Oh hi, it’s me, coming back at you with my ultra-delayed favorite things from last year….!!! 😂 2018 was a great year for music (and with impending albums coming from Solange, Carly Rae Jepsen, and Rihanna, 2019 may be even better), and an amazing year of podcast discovery for me. I didn’t read nearly as much as I wanted to in 2018, and I’ve re-comitted to falling asleep with books instead of my stupid phone in 2019. (BTW, the podcasts and books listed below didn’t necessarily come out last year - I just happened to find & fall in love with them in 2018.)
Anyway, here you go! My favorite albums, podcasts, and books from 2018.
Sweetener, Ariana Grande
2018 was the year of Ariana. I’ve been hooked on her since I heard the joyous 90s throwback track “The Way” in 2013, and I finally feel like the world is giving her respect where it’s due. Sweetener hit me like a ton of surprise bricks from the opening seconds: all you get is Ariana’s soaring voice, over a huge silence, singing a clip of a Frankie Valli & the Four Seasons song about loss. The album proceeds to pinball from absolute euphoria, to coping with anxiety, to overcoming deep fear and depression, to the divine power of female sexuality, to pride, to hope, to gratitude, to forgiveness, like I can’t even list out all of the things that are covered in these 47 minutes. Ariana is a treasure, she always was, and Sweetener is the album we all needed in 2018.
Everything Is Love, The Carters
I’ve been obsessed with Bey since age 10, and a huge Jay fan since I first heard The Blueprint in 7th grade. I love and know their catalogs like the back of my hand, and somehow Everything is Love still surprised me. It’s compact, only 9 tracks, but every second of each track packs so much punch. It’s a ‘sit up and listen’ album. The musical timbre is a perfect blend of their individual styles, and they honestly address their realities as a couple while still making it abundantly clear that they don’t owe shit to ANYBODY. They embrace their truths as individuals and as a couple, and prove again that in spite of (because of?) everything they’ve gone through, they are #goals forever.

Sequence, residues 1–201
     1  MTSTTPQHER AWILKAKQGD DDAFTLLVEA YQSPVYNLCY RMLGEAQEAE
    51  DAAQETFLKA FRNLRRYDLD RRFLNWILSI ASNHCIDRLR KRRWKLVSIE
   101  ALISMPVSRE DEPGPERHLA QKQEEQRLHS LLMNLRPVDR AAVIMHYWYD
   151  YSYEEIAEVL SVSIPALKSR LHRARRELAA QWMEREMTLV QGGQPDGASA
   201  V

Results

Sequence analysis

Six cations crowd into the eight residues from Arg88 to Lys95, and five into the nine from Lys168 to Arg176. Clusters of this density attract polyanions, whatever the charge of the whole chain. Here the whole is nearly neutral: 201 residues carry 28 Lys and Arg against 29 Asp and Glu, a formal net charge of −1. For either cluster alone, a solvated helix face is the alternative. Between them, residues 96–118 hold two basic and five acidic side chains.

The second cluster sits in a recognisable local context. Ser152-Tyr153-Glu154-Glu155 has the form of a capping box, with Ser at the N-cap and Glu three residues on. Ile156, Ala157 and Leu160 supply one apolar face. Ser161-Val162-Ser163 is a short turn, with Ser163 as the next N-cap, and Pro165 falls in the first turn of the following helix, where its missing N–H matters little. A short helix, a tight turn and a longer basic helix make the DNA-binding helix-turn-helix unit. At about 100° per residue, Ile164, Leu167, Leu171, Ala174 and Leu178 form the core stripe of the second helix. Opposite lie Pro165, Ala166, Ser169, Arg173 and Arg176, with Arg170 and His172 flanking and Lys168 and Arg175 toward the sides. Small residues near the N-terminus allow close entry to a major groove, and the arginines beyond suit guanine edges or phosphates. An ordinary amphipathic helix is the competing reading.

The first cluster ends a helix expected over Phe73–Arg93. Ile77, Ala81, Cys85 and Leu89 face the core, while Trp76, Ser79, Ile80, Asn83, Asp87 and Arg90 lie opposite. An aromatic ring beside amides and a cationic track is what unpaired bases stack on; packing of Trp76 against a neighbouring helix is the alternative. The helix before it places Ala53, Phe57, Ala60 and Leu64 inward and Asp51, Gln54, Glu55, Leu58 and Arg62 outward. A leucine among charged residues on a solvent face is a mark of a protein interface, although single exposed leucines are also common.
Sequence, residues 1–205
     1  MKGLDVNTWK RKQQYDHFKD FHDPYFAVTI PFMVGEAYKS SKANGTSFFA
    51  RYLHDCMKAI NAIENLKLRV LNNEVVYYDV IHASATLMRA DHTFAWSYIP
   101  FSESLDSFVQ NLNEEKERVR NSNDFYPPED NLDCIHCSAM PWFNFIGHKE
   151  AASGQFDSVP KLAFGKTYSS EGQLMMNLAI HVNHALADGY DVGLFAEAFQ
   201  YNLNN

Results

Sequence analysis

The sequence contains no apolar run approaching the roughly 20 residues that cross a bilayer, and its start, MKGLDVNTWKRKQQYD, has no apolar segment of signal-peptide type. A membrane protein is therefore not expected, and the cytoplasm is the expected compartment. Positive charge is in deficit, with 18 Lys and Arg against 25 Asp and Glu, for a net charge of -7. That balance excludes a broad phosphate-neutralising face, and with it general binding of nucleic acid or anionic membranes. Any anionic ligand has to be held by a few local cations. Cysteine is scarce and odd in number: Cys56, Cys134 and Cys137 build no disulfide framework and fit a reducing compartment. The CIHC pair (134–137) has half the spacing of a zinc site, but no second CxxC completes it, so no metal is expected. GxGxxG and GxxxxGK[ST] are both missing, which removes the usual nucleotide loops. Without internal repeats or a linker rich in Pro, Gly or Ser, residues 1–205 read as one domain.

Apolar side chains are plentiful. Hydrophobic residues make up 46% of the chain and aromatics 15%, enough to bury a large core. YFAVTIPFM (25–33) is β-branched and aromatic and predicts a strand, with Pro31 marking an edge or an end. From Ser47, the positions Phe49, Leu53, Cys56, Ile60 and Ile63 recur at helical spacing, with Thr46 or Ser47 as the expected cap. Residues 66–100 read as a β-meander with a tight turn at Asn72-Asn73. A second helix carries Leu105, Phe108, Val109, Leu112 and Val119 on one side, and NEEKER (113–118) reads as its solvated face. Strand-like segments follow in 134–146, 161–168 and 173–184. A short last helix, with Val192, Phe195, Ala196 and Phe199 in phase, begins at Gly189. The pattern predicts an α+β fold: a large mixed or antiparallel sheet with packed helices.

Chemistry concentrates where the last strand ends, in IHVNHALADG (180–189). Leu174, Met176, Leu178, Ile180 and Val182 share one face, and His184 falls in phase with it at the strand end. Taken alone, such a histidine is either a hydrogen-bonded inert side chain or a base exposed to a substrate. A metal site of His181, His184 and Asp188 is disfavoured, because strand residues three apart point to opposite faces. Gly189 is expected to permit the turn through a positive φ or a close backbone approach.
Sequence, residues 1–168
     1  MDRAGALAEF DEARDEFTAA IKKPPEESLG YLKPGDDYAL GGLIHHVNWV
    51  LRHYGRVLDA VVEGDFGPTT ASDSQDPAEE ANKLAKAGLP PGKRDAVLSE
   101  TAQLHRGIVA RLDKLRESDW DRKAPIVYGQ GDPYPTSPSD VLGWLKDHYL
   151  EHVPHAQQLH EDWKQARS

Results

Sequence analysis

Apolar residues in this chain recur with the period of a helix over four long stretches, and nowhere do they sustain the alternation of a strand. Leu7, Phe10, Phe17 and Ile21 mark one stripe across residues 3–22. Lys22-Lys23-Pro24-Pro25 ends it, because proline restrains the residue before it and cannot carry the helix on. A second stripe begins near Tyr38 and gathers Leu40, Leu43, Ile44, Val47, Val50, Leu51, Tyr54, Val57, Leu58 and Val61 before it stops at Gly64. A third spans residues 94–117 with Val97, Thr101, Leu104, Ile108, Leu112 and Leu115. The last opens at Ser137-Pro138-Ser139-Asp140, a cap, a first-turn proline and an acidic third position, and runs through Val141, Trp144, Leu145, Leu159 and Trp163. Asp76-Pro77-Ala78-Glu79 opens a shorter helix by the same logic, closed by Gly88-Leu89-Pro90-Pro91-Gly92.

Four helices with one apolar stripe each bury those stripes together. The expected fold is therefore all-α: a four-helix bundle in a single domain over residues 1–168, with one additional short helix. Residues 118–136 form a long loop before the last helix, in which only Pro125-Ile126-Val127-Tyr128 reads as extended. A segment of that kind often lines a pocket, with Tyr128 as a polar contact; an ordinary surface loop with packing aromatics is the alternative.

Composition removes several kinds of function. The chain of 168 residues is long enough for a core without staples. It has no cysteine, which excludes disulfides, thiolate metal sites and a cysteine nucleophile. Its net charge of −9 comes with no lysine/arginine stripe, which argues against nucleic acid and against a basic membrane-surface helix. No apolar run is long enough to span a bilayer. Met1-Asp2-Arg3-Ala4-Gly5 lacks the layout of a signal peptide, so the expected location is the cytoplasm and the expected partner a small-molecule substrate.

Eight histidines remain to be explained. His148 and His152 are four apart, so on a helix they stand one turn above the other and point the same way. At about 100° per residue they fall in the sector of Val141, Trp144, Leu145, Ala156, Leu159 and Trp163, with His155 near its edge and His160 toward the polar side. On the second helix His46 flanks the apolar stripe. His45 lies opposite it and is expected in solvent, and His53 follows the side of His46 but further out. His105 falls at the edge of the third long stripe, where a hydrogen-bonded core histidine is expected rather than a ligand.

Time Stops, Kalil Wilson
Kalil Wilson is the best singer I have ever heard, ever, in my entire life. He’s a Bay Area-based jazz singer, bandleader, and songwriter. I try to go see him anytime he plays a show in Oakland or SF, because his shows are honestly so heart-fluttering it seems impossible. Time Stops is Porter/Gershwin fueled romance and it makes me want to lay by a river twirling a parasol while being fed grapes or something. Lol I don’t know, I’m bad at words, just listen to it - try “Won’t It Be Like Heaven” to start. Sigh! ❤️
Golden Hour, Kacey Musgraves
This. Album. This album provided more calm than any other album I listened to this year. From the get-go you know you’re not listening to any old country album (“Texas is hot/I can be cold/Grandma cried when I pierced my nose”). Golden Hour is an ode to true, complicated love. Kacey somehow captures the quiet, insane beauty of being in real love: imperfect, awe-inducing, soft, expansive, scary-good and sometimes scary-scary love. I can’t think of another album that so accurately captures the realities of honest love without extra drama, filters, or ego. I guess I’m drawn to it because it addresses love with the same wonder, longing, melancholy, and joy I feel about it.
Invasion of Privacy, Cardi B